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Monthly Archives: March 2018

Travels in Trump’s banned countries

President Trump’s list of bad countries – Sudan, Yemen, Somalia, Syria, Iran, Iraq and Libya – bears an uncanny, and unfortunate, resemblance to my own list of favourite places. Except I was often lucky enough to be in some of those countries before the current round of foreign interference, globalisation, climate change, arms-dealing and war dragged them to ruin and misery. Looking back though, the signs of problems ahead were there, but I still believe that travel is a powerful ally in the war against ignorance and suspicion. Here are some of the people and places I encountered on my travels.

Zaghawa nomads enter El Fasher in Sudan’s Darfur province in 1983. The delicate balance between camel-herding nomads and farmers was about to come under pressure from drought, but the first tremor of unease was when, in September of that year, President Nimeiri introduced sharia law. In El Fasher the town’s beer-makers, all women, were publicly flogged. Next day they were back, selling beer to the same policemen who had whipped them, but the mood in Darfur had subtly altered. An austere and intolerant form of Islam had arrived.


Arriving in Yemen for the first time in 1986, I found the hospitality and friendliness of the people were equal to that of Sudan. I spent great days out in markets like this one (above) in an area on the Red Sea coast close to Saudi Arabia, a country that has been bombing Yemen.

A hardline form of communism was imposed on southern areas of Yemen in the 1960s and by the 1980s alienated young men were heading off to fight the Soviets in Afghanistan. On their return they would form a hardcore of militant Islamic fighters. I remember one telling me off for wearing trousers – a sign of western decadence. Here a man sleeps near a stack of landmines near Aden after the 1994 Yemeni civil war.


Inspired by those Yemeni mujahideen, Osama Bin Laden among them, the 9/11 attack was undoubtedly a turning point, a moment that Donald Trump can always return to in justifying his actions in banning travellers from certain countries. This is an Iraqi tank, hit by US shells, and then given a forthright sticker message. FDNY is the Fire Department of New York.

The 2003 Iraq war was an egregious moment in the history of foreign meddling. In Basra I found a complex and diverse society bracing itself for the disaster they knew was coming. This old couple, baffled by all the violence, but determined to continue old traditions of hospitality, invited me into their house.

The young lads, however, were more interested in the weaponry that surrounded them. Here a group play around with a British soldier and his SA80 rifle.


Syria was next to reap the poisonous harvest of radicalism, violence and hatred. In 2009 things were still peaceful and this shopkeeper in Hama was more interested in discussing Shakespeare than politics.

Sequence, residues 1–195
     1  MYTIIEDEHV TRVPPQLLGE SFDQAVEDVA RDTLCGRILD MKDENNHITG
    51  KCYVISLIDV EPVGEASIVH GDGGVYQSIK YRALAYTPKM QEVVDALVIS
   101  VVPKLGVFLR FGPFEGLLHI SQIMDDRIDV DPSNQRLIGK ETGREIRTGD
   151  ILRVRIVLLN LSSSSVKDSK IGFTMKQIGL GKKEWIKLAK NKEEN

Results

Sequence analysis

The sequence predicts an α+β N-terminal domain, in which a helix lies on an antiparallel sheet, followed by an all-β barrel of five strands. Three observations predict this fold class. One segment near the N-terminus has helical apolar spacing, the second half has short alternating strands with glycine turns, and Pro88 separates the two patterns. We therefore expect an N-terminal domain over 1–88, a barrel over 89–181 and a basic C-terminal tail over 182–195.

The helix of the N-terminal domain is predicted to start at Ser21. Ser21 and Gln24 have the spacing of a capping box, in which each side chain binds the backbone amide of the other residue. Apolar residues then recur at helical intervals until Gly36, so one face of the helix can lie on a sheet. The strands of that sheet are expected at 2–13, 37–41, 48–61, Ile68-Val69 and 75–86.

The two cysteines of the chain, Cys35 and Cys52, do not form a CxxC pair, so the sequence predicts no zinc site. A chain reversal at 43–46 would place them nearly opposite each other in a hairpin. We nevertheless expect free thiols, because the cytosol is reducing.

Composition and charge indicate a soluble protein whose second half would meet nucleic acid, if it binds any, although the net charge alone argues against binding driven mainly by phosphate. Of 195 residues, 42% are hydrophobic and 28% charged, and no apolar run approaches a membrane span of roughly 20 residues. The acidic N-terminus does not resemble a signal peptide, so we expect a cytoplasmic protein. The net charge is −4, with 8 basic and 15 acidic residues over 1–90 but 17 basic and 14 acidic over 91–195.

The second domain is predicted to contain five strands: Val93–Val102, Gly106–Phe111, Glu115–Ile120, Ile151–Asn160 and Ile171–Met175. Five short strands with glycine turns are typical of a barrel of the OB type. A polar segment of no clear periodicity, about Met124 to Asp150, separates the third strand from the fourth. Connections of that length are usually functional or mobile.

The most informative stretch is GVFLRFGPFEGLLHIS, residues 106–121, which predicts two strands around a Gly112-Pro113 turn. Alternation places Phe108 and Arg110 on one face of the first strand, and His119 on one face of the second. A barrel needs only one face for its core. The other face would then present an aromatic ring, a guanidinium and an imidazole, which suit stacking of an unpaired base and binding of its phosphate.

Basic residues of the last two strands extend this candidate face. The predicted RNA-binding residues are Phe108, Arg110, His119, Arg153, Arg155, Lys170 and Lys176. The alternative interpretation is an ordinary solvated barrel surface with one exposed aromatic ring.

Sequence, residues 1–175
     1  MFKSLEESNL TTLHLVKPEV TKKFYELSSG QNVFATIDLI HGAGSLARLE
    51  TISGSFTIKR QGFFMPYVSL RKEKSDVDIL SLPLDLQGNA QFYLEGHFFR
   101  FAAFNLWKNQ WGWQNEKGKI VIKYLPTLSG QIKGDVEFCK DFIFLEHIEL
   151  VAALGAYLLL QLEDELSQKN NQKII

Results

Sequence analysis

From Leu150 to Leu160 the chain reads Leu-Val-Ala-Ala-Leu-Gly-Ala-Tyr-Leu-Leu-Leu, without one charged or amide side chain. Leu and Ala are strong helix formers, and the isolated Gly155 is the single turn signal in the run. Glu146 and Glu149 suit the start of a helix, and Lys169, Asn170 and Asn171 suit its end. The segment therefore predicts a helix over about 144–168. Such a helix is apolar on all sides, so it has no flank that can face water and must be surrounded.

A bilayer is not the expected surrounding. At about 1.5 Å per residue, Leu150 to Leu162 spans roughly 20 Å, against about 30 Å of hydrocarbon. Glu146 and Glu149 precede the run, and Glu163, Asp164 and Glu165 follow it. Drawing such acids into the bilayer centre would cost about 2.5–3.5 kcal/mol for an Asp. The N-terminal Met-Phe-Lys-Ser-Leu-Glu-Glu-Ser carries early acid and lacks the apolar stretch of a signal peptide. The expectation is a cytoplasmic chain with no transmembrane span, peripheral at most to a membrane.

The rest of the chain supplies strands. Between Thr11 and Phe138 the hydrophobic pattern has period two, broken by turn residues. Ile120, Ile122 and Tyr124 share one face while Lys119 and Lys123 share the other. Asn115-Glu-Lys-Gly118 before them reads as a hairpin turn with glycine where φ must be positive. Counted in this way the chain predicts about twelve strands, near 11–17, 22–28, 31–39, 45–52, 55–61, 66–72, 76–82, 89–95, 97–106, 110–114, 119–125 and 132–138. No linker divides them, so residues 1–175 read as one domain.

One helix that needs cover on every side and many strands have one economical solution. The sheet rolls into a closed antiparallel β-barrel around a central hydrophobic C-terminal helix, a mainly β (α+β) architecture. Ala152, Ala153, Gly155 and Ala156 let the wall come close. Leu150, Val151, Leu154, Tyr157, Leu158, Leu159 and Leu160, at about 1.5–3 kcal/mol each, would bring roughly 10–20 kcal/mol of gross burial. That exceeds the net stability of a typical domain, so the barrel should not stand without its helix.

Outside Aleppo at Mushabbak, a boy cradles his favourite goat kid in front of a ruined Byzantine church. Within a year war would break out and steadily engulf the whole country.

The best podcasts to listen to on the road

1. If you’re a first-timer: Serial (series one)

For tens of millions of people, Serial was a deliciously addictive gateway drug into the world of podcasts. In the first series, launched back in 2014, investigative journalist Sarah Koenig delved into the mysterious 1999 murder of 18-year-old Hae Min Lee. It’s a true story, narrated with flair and compassion that will leave you yearning for answers.

2. If you like eavesdropping on funny conversations: The Adam Buxton Podcast

Dr Buckles is the undisputed duke of British podcasting; only he can make you laugh and cry with equal velocity in the space of one episode. His intimate, honest interviews leave you feeling like you’re listening in on a chat between old friends – which is often the case; Richard Ayoade, Louis Theroux and Sarah Pascoe are a few pals who have appeared on the show.

3. If you’ve ever thought about escaping to a desert island:Desert Island Discs

Simply one of the best podcasts out there, regardless of whether you’re on a desert island or not. In each episode, host Kirsty Young asks guests (or ‘castaways’) to choose the eight records they would take with them if they were stranded on a desert island. The BBC has put thousands of archive episodes online, with Louis Armstrong (1968), John Peel (1990) and Yoko Ono (2007) being a few of the landmark interviews.

4. If you need entrepreneurial inspiration: How I Built This

Travel’s a good time to reflect on things and make some big life decisions you’ll probably never see out. If you need a further kick up the backside, How I Built This interviews the entrepreneurs behind companies like Airbnb, Instagram and Vice, asking them how they came about setting up their multi-million dollar businesses. If this doesn’t inspire you to create that new app, magazine, or blog, nothing will.

5. If you want a ‘series fix’, but don’t want to pack a laptop:Homecoming

There have been a load of fiction podcasts over the last couple of years, mainly crime or sci-fi based, testing the water in what has traditionally been a non-fiction format. Many fall short of the mark, but Homecoming could signal a turning point. Its Hollywood cast features David Schwimmer, Oscar Isaac and Catherine Keener. As gripping as any Netflix original.